Mark StHilaire knew he had high blood pressure when he was diagnosed with COVID-19, but he didn’t realize that the underlying health condition put him at risk of serious complications from the disease.
The 46-year-old Henderson resident quickly discovered how serious the combination of hypertension — the medical term for high blood pressure — and the illness caused by the new coronavirus can be after his symptoms first appeared on March 12.
“I’m not a smoker. I had high blood pressure and was on medication for a year for it,” he said. “It came on so fast, once that cough started, it progressed (and) after a few days and my lungs were filled with fluid.”
He ultimately spent 47 days in the hospital, 31 of which he was sedated and intubated. He suffered kidney failure, sepsis, memory loss and now has a hole in his throat from a tracheostomy doctors had to perform before being discharged in early May.
But during his recovery at home, StHilaire started feeling chest pain. When he returned to the hospital, doctors found blood clots – an increasingly common side effect of COVID-19. He was finally discharged for the second time on May 21.
StHilaire suspects he contracted the disease through his job on the Strip or flights to and from a wedding in Georgia.
After being admitted to Centennial Hills Hospital, he was quickly sedated and intubated, a common practice in serious cases of COVID-19. He ended up being unconscious for the remainder of his days there. After he tested negative for the coronavirus, StHilaire was transferred to PAM Specialty Hospital where he awoke to continue his recovery.
‘I wasn’t the same person’
“When I woke up, I remember looking down at my arms and legs and face, in the mirror,” he said. “I wasn’t the same person.”
StHilaire, who lost 60 pounds during the ordeal, believes his family suffered more than he did. His wife and five children were unable to see him during his stay in the hospitals and recorded messages for him on a CD. Nurses told the family that StHilaire had tears coursing down his face as he listened to them.
“It was harder on them than me. I was sleeping the whole time,” he said of his family. “They didn’t know if dad was going to come home. They couldn’t call and see me.”
StHilaire’s complications are not uncommon in COVID-19 patients.
Across the nation, approximately 46 percent of adults in the United States have high blood pressure, according to the American Heart Association.
Though scientists are still studying what makes certain demographic groups more susceptible to the coronavirus, preliminary evidence suggests high blood pressure is a major risk factor, said Dr. Alona Angosta, associate professor at UNLV School of Nursing.
When researchers studied 5,700 hospitalized coronavirus patients in the New York City area, 56.6 percent had high blood pressure, 41.7 percent were obese and 33.8 percent had diabetes, according to a peer-reviewed study published in the Journal of the American Medical Association in April.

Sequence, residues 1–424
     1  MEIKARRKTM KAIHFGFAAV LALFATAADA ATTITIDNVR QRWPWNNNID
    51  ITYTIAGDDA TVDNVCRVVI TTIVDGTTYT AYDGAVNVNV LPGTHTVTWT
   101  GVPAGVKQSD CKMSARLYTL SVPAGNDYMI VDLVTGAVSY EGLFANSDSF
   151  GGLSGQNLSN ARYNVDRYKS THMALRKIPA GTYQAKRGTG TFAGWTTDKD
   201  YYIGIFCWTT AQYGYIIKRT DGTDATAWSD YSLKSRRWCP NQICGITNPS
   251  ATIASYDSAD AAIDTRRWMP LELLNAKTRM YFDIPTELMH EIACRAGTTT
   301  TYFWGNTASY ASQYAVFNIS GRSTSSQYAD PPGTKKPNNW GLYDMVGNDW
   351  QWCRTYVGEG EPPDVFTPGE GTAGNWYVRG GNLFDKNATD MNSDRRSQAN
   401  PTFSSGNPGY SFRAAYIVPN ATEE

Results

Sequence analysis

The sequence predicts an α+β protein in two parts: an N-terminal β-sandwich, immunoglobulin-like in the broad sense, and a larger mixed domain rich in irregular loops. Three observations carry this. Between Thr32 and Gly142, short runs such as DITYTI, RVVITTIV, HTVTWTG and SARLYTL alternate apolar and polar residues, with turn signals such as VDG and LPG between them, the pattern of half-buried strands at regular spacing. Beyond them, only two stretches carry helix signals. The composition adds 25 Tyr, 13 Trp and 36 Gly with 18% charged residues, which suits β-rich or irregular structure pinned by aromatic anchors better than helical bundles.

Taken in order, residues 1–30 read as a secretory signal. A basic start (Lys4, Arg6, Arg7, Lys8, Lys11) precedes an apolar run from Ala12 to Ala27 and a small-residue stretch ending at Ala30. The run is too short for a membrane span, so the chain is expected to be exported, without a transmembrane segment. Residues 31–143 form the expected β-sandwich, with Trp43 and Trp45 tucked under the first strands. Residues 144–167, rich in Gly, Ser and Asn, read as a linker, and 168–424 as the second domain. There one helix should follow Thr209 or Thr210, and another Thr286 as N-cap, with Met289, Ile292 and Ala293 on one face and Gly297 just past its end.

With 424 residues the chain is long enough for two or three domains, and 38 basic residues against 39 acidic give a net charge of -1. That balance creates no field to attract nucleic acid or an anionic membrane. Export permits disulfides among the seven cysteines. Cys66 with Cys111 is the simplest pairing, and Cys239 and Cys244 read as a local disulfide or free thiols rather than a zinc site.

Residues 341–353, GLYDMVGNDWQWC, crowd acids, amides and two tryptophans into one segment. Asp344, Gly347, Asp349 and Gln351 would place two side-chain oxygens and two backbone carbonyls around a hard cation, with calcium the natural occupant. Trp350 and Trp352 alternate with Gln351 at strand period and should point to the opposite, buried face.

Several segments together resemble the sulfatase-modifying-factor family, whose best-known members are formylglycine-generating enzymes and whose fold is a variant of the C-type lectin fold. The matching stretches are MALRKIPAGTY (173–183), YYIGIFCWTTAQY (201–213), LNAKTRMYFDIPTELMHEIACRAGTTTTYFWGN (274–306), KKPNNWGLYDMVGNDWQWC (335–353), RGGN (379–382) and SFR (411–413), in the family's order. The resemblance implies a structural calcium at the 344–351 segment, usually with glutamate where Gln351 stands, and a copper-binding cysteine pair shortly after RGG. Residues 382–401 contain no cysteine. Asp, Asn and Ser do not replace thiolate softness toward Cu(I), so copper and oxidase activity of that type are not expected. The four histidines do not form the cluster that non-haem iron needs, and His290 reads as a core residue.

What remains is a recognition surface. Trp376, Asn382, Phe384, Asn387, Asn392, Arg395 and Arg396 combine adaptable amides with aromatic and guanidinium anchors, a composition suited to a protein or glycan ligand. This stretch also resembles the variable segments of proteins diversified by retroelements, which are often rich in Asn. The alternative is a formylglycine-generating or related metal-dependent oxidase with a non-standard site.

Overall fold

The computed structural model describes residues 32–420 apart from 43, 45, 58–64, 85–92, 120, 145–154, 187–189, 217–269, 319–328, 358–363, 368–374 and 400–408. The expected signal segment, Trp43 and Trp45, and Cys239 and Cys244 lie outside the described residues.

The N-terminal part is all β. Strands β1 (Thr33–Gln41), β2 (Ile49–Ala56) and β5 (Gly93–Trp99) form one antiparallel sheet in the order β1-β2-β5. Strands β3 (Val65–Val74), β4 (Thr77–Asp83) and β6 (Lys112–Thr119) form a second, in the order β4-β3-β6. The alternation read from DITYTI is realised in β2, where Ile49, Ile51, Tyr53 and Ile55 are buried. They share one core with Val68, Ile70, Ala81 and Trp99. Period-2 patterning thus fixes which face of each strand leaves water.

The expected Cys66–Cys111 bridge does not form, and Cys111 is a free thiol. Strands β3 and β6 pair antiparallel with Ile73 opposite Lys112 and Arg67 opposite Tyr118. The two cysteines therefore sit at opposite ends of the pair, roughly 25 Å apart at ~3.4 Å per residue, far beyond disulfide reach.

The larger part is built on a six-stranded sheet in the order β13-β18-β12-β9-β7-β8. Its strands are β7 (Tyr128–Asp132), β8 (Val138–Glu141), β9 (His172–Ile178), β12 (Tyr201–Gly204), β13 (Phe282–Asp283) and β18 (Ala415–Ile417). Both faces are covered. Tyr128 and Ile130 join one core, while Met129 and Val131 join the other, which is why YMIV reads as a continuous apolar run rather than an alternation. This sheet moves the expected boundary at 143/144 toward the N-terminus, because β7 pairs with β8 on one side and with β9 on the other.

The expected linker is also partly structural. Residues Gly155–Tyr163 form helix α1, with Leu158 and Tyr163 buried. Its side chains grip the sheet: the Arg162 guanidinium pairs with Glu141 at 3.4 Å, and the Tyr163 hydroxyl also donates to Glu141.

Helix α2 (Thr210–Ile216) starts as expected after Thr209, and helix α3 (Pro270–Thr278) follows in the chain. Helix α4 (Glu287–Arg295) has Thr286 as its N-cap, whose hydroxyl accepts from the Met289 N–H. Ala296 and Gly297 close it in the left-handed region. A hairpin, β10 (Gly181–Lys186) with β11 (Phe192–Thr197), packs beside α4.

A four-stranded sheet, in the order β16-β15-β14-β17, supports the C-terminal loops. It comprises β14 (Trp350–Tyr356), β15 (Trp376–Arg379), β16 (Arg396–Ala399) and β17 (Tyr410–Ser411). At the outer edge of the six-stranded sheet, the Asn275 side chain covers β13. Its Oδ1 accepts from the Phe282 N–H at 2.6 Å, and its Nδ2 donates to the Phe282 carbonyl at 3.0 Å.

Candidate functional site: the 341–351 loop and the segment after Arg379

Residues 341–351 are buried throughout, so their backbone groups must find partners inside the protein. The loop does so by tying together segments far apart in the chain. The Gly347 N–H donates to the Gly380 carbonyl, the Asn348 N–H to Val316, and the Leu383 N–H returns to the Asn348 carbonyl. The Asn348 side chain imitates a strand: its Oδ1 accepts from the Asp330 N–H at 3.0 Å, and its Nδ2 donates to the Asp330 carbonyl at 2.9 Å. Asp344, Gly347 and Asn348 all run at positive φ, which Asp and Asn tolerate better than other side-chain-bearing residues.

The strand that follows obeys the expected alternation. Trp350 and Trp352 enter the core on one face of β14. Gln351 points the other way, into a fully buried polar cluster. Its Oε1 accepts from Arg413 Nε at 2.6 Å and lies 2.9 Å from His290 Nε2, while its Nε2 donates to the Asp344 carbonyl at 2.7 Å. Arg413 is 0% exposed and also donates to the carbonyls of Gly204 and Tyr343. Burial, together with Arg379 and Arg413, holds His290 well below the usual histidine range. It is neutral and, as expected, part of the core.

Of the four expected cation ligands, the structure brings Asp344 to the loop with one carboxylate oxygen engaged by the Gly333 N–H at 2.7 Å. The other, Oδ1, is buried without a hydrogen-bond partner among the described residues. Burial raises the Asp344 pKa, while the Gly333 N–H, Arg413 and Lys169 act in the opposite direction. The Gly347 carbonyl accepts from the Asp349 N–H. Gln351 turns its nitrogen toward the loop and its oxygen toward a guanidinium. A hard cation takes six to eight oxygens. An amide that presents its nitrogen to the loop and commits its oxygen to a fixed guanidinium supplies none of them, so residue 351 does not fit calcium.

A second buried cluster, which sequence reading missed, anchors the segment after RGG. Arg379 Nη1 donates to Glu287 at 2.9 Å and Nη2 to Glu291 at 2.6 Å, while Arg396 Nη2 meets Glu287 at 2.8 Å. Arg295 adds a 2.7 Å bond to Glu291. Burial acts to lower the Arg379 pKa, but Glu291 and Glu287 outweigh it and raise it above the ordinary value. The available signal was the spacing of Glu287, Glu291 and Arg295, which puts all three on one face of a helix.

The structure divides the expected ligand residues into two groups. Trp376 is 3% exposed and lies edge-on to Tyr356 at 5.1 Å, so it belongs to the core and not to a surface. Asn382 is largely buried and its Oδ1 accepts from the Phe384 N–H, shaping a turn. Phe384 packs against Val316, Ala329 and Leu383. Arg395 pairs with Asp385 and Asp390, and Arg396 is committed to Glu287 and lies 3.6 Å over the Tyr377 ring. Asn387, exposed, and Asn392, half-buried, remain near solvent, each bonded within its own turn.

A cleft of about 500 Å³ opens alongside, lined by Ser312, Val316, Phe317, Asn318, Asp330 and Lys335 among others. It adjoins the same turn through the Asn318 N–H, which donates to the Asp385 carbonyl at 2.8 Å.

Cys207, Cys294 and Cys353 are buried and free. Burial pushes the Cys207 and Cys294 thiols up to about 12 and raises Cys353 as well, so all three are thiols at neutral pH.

Top risk factor in Clark County
The results of that study are similar to data on the outbreak in Clark County, with the Southern Nevada Health District listing high blood pressure as the top underlying health issue among people who have been hospitalized and died. Diabetes is the second on the district’s list, which does not include obesity data.
While the evidence that high blood pressure is a significant risk factor for those infected by the new coronavirus is growing, it’s not clear why the risk is increased.
“There is lack of sound evidence why individuals with (hypertension) are susceptible to COVID-19 and have more complications than those without high blood pressure,” Angosta said, adding that the general weakening of the immune system that occurs in patients with high blood pressure may play a role.
But some experts theorize that certain hypertension medications that stimulate specific receptors in the lungs, where the coronavirus attaches itself in the course of infection, could adversely affect how a person combats the virus.
The heart association, however, advises people to continue to take their medication as prescribed, since there is no direct evidence linking such drugs to increased risk from the virus.
More will be learned as scientists continue to study the coronavirus, Angosta said.
“Scientists are looking into why this is so,” she said. “Then we can advise patients with high blood pressure to be more vigilant and cautious because of their weakened immune systems.”
An inspiring recovery
StHilaire was one of the most inspirational and uplifting patients that have come out of the PAM hospital since the pandemic started, said his father-in-law Wayne Tunheim, 61, who works there as a registered nurse.
Tunheim was able to watch StHilaire recover from memory loss and relearn how to walk.
When StHilaire correctly responded to neurologists, shortly after he woke up, they gave each other a high-five, Tunheim recalled. When he took his first steps down the hall, nurses and doctors cheered for him.
It marked a change in tone for the hospital, which saw a stream of COVID-19 patients admitted, causing a shortage of personal protective equipment.
“He motivated a tremendous amount of people. We see a lot of people get sick, and it’s great to see someone get better,” Tunheim said.